Survey finds that 61% of companies do not strictly enforce all levels of compliance with laws and regulations
53% of respondents think a data breach would not adversely impact their reputation or financial position
MANY organizations lack the business behaviors and compliance practices necessary to adequately address growing consumer and regulatory concerns about data security and privacy, according to a new study by communications agency Edelman.
The Edelman Privacy Risk Index (ePRI) was developed in partnership with the Ponemon Institute, and surveyed 6400 corporate privacy and security executives from 29 countries.
Jules Polonetsky, director and co-chair of the Future of Privacy Forum said that companies increasingly understand that using data effectively will lead to innovation, better consumer services and smarter marketing.
“But all of these new uses of personal information also create risks that if mishandled could undermine consumer trust and lead to restrictive regulation,” he said.
Polonetsky added that the study shows that many of the front line employees who are managing compliance don’t believe that they have the necessary practices, protocols and behaviors in place to safeguard against financial or reputational damage.
“Senior business leaders need to assess their company privacy risk and avoid becoming a high profile example of the damage that can result from misuse or loss of consumer data,” he added.
According to Edelman, the ePRI revealed a lack of preparedness in managing the potential financial and reputational damage relating to the loss or misuse of personal information. Businesses, particularly at a senior level, are not reacting quickly enough to data and security risk (click on image to enlarge).
The study found that over half (57%) of respondents think their organization does not consider privacy and the protection of personal information to be a corporate priority.
In addition, the study also found that:
Six out of ten (61%) companies do not strictly enforce all levels of compliance with laws and regulations.
62% say their organization does not have the expertise, training or technology.
55% say the adequate resources, to protect personal information.
57 % of respondents believe their company is not transparent about what it does with employee and customer information
61% are slow to respond to consumer and regulator complaints about privacy.
Pete Pedersen, global chair, Technology practice, Edelman said the findings shine a light on the worrying void between business’ privacy practices and consumer expectations about how their personal data is handled.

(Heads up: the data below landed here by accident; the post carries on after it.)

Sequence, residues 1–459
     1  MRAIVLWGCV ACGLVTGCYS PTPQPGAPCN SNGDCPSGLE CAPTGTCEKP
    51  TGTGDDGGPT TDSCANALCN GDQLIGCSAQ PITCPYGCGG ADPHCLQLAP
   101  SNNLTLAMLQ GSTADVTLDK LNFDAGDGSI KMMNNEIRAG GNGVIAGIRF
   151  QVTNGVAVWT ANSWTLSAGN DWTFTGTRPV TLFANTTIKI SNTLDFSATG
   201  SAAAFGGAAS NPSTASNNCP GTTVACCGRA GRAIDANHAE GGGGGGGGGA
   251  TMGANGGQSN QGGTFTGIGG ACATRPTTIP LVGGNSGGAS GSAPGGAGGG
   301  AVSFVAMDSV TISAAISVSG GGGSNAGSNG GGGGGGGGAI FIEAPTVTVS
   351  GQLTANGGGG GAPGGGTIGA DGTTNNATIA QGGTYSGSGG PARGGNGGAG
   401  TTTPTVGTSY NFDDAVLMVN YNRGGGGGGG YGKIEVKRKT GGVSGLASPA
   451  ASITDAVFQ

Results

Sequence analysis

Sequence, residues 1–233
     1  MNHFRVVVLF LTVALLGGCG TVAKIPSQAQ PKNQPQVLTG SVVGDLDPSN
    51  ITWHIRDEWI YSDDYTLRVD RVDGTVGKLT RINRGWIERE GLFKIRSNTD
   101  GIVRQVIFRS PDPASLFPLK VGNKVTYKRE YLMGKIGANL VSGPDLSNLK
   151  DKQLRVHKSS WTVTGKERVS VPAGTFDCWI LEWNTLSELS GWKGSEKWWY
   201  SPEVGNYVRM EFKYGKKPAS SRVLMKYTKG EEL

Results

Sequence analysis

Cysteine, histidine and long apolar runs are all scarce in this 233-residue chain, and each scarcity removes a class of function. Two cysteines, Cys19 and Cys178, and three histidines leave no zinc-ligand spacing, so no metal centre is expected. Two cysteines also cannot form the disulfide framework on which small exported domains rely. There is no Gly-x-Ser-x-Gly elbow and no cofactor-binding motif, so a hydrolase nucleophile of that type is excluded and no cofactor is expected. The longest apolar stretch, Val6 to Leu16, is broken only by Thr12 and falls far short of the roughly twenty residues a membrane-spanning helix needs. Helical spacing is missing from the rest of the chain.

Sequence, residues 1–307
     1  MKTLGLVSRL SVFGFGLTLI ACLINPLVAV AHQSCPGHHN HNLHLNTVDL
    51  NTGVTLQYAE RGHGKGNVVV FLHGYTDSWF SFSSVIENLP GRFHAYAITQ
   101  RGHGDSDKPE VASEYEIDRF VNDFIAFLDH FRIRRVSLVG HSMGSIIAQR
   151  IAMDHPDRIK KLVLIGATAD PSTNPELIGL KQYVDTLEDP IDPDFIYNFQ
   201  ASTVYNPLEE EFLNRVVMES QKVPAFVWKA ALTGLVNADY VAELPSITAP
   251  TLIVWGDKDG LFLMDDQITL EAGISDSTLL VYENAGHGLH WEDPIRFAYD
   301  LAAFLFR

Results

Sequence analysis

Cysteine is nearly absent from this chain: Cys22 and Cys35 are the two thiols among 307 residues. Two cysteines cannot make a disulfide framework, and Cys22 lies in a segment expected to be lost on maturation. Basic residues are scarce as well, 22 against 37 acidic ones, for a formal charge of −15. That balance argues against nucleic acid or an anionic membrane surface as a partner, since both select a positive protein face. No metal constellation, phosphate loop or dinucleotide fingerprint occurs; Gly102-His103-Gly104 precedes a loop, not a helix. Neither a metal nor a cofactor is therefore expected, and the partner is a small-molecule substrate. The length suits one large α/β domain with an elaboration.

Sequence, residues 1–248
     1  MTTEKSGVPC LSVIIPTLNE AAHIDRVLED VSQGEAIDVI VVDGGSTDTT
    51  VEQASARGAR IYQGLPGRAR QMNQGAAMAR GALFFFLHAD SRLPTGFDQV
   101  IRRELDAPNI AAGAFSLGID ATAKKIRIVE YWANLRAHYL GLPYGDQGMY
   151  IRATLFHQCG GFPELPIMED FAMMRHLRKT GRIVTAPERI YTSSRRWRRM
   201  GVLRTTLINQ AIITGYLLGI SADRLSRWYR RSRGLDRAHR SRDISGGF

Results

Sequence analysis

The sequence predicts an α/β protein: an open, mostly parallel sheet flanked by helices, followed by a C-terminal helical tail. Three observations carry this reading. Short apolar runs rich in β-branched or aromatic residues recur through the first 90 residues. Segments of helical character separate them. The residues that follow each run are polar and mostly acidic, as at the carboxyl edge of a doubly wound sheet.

“From a communications and stakeholder engagement point of view, what is most concerning is the lack of clarity and transparency about these practices,” said Pedersen.
The research also highlighted a lack of awareness of the potential risks related to data security and privacy incidents. Over half (53%) of respondents think a data breach would not adversely impact their reputation or financial position.
Additionally, 57% of organizations believe that employees do not understand the importance of privacy and two thirds do not make an effort to educate employees about privacy and security issues
The results are in stark contrast to the growing consumer and regulatory pressure on companies to handle personal data responsibly and securely.
Companies will see increased regulatory scrutiny due to new legislation in the European Union, Latin America and Asia, as well as increased enforcement by the Federal Trade Commission in the United States
According to Edelman, the premium on privacy is more than just a compliance or communications issue — it also affects a company’s bottom line.
An earlier study by Edelman, Privacy & Security: The New Drivers of Brand, Reputation and Action Global Insights 2012, released in March of this year revealed that 85% of consumers around the world feel companies need to take data security and privacy more seriously.
Consumers say they would drop services if their personal information is accessed without their permission. Eight out of ten consumers would consider leaving a banking institution that did so, and nearly seven in ten would leave a healthcare provider.
Nearly half (46%) of those surveyed report leaving or avoiding companies that have suffered a security breach.
In addition, 70% of people are more concerned about privacy than they were five years ago and 68% feel they have lost control over how their information is shared and used by businesses.
Ben Boyd, global chair, Corporate practice, Edelman said with the growing level of consumer, media and regulatory attention currently focused on privacy, businesses simply cannot afford to risk the reputational and financial damage that may result from a lack of attention to this business critical need.
“Rather, we see an opportunity for businesses to grow confidence and trust in their brands through thoughtful privacy and data management,” said Boyd.
In conjunction with the study, Edelman has released an online benchmarking tool, which enables businesses to quickly benchmark their own privacy risk based on the data.
The online tool provides a Privacy Risk Index score, with a high risk score indicating a company is more likely to suffer reputation damage or economic losses as a result of a privacy-related problems and incidents.
To read the white paper on the topic, click here.